Joshua Chamberlain was a war hero and public servant whose resume puts him among the most accomplished Mainers. But he couldn’t see the future.

As the Brewer native stood at the Appomattox Court House 154 years ago Friday, ready to formally accept on behalf of the United States the surrender of the Confederate Army of Northern Virginia, he thought he was presiding over the end of something.

The blood of the prior four years had solved the question of slavery — of whether the South could continue to exist as a place of white supremacy, and of the dehumanization of an entire people. Now it was time to move on together as one — as Americans.

He couldn’t have been more wrong.

When the guns fired at Fort Sumter in April 1861, Chamberlain was a professor of rhetoric and modern languages at Bowdoin College. A believer in the cause, he volunteered for duty, and was made a lieutenant colonel in the 20th Maine regiment.

Less than a year after getting his uniform, he was perhaps the most important American on the one of the most consequential days in U.S. history — July 2, 1863, when the 20th Maine held the flank at Gettysburg, and saved the Union.

Chamberlain also played an important role in later campaigns, and was wounded a total of seven times, once so severely it was thought imminently fatal; those wounds eventually caused his death in 1914.

Whatever horrors the Civil War had unleashed, Chamberlain had witnessed and endured them. So when he looked across the field at the Confederate army on April 12, 1865, with the question of victory safely answered, he saw not a defeated enemy that had fought for slavery, but soldiers much like himself who had given up so much for what they believed in.

He treated the soon-to-be-former Confederates as such, ordering his men to salute them respectfully. He knew it would draw criticism, but like many leaders of the time, his focus was bending toward reconciliation.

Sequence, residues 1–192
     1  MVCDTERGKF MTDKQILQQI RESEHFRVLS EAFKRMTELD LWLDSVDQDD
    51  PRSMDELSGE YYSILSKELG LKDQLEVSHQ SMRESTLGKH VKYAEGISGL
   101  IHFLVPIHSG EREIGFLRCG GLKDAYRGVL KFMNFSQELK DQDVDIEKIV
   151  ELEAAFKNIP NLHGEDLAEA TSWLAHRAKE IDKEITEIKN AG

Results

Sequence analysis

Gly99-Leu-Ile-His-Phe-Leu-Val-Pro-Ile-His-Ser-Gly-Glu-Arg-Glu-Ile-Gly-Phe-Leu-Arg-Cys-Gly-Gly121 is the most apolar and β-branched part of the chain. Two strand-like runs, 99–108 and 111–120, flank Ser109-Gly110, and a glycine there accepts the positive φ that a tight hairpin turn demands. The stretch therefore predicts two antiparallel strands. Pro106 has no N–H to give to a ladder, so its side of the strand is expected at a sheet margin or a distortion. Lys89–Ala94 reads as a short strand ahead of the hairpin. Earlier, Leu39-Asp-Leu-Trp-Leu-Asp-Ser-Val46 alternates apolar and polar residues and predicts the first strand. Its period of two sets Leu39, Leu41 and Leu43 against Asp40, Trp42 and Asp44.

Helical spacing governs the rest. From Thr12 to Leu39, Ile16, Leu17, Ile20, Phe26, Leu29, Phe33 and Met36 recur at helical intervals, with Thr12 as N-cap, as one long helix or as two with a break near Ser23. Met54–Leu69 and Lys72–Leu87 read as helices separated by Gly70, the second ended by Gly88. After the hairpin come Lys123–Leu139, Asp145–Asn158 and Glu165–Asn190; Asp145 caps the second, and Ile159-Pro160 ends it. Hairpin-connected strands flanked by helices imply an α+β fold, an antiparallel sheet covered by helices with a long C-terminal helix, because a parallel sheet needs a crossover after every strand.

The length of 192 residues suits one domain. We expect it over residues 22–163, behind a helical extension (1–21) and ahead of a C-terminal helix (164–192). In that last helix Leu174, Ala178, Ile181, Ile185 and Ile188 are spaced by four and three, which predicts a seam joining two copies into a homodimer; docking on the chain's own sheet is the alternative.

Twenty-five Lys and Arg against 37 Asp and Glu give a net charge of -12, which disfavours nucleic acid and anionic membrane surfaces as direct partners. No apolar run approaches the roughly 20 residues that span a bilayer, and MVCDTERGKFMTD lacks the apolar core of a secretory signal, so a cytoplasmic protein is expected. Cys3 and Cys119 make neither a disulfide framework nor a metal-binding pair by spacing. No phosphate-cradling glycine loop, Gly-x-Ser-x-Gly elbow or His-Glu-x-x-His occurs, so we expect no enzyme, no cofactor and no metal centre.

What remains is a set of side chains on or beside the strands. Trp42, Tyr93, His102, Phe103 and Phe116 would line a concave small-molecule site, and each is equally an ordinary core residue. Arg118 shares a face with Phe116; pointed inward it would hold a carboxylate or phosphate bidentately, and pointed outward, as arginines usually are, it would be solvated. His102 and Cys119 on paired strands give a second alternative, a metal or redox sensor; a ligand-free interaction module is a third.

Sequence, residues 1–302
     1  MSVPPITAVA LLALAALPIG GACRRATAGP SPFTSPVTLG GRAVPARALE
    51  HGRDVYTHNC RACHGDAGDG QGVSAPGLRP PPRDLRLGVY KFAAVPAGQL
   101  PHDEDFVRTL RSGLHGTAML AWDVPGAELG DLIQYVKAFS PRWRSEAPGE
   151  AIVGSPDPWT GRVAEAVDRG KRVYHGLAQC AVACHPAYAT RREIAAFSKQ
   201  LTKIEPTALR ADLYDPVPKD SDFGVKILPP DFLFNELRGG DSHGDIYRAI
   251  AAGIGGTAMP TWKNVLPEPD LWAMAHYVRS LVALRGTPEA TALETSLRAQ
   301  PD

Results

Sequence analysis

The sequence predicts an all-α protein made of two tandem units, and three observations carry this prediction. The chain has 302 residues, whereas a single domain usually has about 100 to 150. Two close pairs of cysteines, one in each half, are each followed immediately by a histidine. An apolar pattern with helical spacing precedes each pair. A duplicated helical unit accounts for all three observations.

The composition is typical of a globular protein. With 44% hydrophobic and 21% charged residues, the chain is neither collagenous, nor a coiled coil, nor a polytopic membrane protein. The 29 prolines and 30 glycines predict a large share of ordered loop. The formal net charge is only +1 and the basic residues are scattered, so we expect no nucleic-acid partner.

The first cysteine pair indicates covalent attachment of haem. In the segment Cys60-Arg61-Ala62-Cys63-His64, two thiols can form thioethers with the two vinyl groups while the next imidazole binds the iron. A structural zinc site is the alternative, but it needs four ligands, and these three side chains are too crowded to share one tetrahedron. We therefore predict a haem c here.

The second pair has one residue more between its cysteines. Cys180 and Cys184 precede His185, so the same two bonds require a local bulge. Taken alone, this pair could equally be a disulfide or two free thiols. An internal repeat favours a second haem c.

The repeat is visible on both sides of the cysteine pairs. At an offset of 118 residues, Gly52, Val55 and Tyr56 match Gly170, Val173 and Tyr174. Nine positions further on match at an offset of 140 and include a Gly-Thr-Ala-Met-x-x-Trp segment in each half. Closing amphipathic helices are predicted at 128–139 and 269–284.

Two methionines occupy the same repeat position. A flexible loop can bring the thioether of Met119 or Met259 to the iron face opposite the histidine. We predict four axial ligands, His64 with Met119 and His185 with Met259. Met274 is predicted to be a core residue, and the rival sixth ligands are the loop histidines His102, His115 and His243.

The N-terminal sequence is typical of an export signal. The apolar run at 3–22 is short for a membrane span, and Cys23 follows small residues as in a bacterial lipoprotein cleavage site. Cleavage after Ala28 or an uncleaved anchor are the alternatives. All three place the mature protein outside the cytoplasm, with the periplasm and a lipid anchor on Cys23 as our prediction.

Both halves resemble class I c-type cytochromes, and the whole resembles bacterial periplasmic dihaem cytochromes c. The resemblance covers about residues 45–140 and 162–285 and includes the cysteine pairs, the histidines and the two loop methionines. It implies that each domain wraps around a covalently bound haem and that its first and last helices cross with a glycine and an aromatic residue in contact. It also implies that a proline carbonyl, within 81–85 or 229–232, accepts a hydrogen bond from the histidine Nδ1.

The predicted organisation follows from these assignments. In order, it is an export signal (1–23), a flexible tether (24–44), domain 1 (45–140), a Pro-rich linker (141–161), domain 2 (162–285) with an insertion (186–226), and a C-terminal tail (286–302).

Chamberlain wrote in his memoirs, “Before us in proud humiliation stood the embodiment of manhood: men whom neither toils and sufferings, nor the fact of death, nor disaster, nor hopelessness could bend from their resolve; standing before us now, thin, worn, and famished, but erect, and with eyes looking level into ours, waking memories that bound us together as no other bond; — was not such manhood to be welcomed back into a Union so tested and assured?”

Chamberlain was putting the dignity of the Confederates ahead of that of the freed men and women who they had so recently brutalized, and who they still viewed as lesser.

He wasn’t alone. Even after taking up arms against their own country, Confederate leaders were welcomed back into positions of power.

General John B. Gordon, the commander who surrendered to Chamberlain at Appomattox, fought Reconstruction following the war, and was elected as governor of Georgia and to the U.S. Senate.

He also was a high-ranking leader in the Ku Klux Klan, which after the war executed an extended and unprecedented terror campaign across the South to rob African Americans of the rights won in the Civil War.

Chamberlain, and many other American at the time, wanted the country’s problems with race and power to be in the past, wiped clean by the blood of the Civil War.

Many Americans today, too, want to wish those problems gone, solved after the violence of the post-Reconstruction era, or the achievements of the Civil Rights era, or the election of a black president.

But a century and a half after Appomattox, they’re still here. They are woven deep into our DNA, and won’t be ignored away.


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